Colin came back the Boogie Woogie and lay down on the floor. He said his back was killing him which makes sense seeing as he had a back injury back in his high School years he had been lying contorted in the bilge working on the waste tank. Exactly why the owner of the company is lying in the bilge doing that kind of work I have no idea except I'm the same kind of guy so I guess I understand.

By bedtime, he was looking very bad so we alled 811 in hopes of getting some assistance and to have him checked for WuWHOFlu. I was shocked at the phone maze and redundant messages and being finally told the lines were o overloaded. I called 911 and they were not helpful either so i tried 811 again and finally managed to get a nurse who did not even know where Sidney is. She asked about symptoms and did not seem concerned but gave us the address of a nearby place to be checked.

I was shocked. In Mexico, you call the number and they say don't go anywhere and send someone over to administer a test. At least that is the word. Not here.t u

Saturday July 25th 2020
Five months until Christmas.

I woke up early, got up and made coffee. Colin woke up shortly after.  He did not look great but he got up.

I drove uptown to get a breakfast sandwich and when i returned he had moved the boat and was washing it so I guess he is okay.

We have to leave here by one to make Active Pass at slack.  Being there at slack is more important when we are towing this boat than normal as any turbulence could be disastrous, or at least troublesome.

Apparently I'll ride this boat and steer once in a while.

I walked to Fairway and bought lunch and supper, four wraps and two salads and returned to the boat. It was time to go, so I took the upper helm on this boat and they shoved me off and I shifted to forward with both engines at idle.

I have never operated with twin engines,  I got a good start but could not make the tturn, so cut power and drifted over to where Omar could push me off from a nearby boat. The rest was duck soup. The two boats met up outside the marina and we tied them together.

Then I rode up in the upper helm until we had established the tow was stable, then set the VHF to 68 and went below to write this. It seems Colin has recovered.

On the way, I reserved a flight to Powell River for tomorrow at 5:30 PM.  I'll sleep on Electra and board Cassiopeia in the morning.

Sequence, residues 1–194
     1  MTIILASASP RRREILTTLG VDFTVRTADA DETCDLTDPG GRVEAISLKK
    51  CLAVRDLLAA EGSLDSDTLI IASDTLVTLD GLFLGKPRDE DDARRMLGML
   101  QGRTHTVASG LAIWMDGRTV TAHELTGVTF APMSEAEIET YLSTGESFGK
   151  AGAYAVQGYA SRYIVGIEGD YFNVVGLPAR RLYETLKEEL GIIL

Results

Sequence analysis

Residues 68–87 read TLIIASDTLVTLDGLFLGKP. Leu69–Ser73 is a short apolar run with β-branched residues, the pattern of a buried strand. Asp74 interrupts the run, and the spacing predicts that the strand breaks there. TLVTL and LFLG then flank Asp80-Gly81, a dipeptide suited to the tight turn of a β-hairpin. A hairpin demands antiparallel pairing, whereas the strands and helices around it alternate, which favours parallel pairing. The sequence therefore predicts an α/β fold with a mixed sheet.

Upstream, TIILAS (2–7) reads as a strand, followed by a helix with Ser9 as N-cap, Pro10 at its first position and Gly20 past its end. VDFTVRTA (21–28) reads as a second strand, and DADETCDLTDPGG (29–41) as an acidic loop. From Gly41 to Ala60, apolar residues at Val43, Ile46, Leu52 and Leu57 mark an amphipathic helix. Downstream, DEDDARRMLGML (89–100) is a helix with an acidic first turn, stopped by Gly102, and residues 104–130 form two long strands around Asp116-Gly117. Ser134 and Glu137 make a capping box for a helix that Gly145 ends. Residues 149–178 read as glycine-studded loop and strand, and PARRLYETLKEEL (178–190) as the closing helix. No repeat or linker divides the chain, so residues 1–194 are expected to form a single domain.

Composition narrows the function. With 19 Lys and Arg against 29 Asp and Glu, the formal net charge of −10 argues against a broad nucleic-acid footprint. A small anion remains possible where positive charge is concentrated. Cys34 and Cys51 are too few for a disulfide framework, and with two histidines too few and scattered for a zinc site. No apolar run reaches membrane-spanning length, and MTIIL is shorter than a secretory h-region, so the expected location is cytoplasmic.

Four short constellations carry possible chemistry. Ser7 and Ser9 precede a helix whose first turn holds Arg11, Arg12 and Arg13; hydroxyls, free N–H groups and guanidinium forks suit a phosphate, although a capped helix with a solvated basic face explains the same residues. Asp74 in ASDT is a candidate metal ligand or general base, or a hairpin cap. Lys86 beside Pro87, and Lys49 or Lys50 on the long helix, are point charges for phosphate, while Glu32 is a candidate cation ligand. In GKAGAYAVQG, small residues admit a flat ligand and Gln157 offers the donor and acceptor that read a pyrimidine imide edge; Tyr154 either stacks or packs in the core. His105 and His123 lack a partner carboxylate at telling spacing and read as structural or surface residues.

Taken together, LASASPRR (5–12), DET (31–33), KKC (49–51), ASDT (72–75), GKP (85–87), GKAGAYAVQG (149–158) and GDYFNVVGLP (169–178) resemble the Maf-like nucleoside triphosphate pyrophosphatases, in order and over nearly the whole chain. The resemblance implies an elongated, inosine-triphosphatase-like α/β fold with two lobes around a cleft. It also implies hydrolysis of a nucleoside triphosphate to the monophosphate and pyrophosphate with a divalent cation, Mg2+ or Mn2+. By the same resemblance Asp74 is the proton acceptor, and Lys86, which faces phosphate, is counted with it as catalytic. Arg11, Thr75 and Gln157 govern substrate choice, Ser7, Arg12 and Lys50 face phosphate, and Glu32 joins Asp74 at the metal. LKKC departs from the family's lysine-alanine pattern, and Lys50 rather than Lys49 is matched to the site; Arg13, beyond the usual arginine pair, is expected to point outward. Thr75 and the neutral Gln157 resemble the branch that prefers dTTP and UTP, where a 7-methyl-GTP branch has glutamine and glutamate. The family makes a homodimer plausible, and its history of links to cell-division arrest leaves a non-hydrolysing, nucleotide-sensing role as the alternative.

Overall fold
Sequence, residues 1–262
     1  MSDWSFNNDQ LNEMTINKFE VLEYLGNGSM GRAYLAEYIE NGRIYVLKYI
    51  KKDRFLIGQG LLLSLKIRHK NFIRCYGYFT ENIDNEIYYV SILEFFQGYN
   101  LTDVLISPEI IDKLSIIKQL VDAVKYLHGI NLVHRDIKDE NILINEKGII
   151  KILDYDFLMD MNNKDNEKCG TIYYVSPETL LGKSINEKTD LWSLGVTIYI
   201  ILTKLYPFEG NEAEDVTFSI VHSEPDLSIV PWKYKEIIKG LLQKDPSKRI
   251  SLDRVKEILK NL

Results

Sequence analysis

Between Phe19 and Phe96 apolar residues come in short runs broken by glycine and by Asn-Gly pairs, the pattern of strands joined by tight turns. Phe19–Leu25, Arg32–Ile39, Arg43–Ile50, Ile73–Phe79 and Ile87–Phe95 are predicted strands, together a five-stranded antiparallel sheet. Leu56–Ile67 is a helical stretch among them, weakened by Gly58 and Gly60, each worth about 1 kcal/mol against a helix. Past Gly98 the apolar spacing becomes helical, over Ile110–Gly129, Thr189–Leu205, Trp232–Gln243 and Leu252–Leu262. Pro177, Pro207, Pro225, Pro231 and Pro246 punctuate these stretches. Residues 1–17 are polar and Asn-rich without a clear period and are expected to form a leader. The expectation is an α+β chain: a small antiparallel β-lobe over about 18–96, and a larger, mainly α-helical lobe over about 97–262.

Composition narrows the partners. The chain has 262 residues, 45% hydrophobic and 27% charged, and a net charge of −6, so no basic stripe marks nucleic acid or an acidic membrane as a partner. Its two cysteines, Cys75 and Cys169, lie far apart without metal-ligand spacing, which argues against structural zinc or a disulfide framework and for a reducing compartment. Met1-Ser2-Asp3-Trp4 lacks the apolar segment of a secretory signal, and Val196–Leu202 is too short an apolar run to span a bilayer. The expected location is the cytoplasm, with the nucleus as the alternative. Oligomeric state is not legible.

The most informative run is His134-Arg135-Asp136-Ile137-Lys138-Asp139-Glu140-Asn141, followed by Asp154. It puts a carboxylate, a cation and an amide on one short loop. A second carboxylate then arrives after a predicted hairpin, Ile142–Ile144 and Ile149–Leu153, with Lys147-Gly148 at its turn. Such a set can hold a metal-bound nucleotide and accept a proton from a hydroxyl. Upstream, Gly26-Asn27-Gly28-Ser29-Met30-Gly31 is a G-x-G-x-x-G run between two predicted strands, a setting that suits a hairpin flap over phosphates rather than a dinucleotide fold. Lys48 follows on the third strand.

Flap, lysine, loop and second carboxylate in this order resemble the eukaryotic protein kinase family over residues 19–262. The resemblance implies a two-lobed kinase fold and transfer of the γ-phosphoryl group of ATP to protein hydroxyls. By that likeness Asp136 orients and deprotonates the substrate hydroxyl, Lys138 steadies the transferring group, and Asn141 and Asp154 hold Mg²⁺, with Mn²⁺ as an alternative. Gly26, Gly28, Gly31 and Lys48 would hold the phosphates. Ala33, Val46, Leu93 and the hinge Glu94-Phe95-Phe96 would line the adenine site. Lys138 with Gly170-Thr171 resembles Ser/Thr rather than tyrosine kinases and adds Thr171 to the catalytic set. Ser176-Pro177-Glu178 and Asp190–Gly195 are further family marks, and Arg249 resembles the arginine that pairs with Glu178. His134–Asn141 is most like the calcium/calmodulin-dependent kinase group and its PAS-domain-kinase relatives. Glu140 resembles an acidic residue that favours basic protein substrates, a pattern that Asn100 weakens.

The trip takes about seven hours.  We arrived around eight.  In the creek, we untied and I docked the boat masterfully, then went to The Vancouver Fish Company for a quick beer.

Sunday July 26th 2020

I woke at 0645.  I'm on Boogie Woogie, tied up at Granville Island. I have the bed, Colin is sleeping on the settee.  He is still asleep.  We worried he has the WuWHOFlu, but we're thinking now that is simply exhausted and run down, plus has picked up a strep throat.

He left to see a doctor and have the covid test.  I started packing.  It is a hard job to pack when I don't know what is next.  Am I going to fly east from Sidney?  I will if there are no assignments.  I'd fly to Alberta first to catch up on things there and then on to Sudbury to see Mom.

I got it all into two bags: one to fly with me and one to be sent to Sidney on the next boat headed that way.

Now that I have the laptop, I'm working on updating this month's entries, so the past entries will be a bit confused until I get them straight.  I had been entering the daily reports into the forum and will leave them there, but also copy them here

This afternoon, I fly to Powell River and overnight on Electra, then board Cassiopeia as soon as the clients are off and head back to Sidney so the boat will be there for a booking on Thursday.

I went for lunch at the Market and see big changes.  The entrances are all exits now and entry is supposedly forced through one portal.  The purpose evades me.  Things are spaced out and the crowds are very thin.

I had my usual pizza and returned to the boat.  It's 1245 now.  I think I'll have a nap and then go to the airport. I should be there by about three-thirty for the most relaxed trip meaning leaving here at two-thirty, but I could arrive up to an hour later and make it.  I suppose I should check in online.